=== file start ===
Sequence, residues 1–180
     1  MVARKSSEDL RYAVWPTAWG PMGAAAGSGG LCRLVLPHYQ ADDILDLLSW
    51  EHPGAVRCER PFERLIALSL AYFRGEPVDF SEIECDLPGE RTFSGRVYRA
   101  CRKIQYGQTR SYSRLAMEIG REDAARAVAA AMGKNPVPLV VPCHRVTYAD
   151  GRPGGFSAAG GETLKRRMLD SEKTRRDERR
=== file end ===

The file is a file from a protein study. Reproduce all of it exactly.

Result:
Sequence, residues 1–180
     1  MVARKSSEDL RYAVWPTAWG PMGAAAGSGG LCRLVLPHYQ ADDILDLLSW
    51  EHPGAVRCER PFERLIALSL AYFRGEPVDF SEIECDLPGE RTFSGRVYRA
   101  CRKIQYGQTR SYSRLAMEIG REDAARAVAA AMGKNPVPLV VPCHRVTYAD
   151  GRPGGFSAAG GETLKRRMLD SEKTRRDERR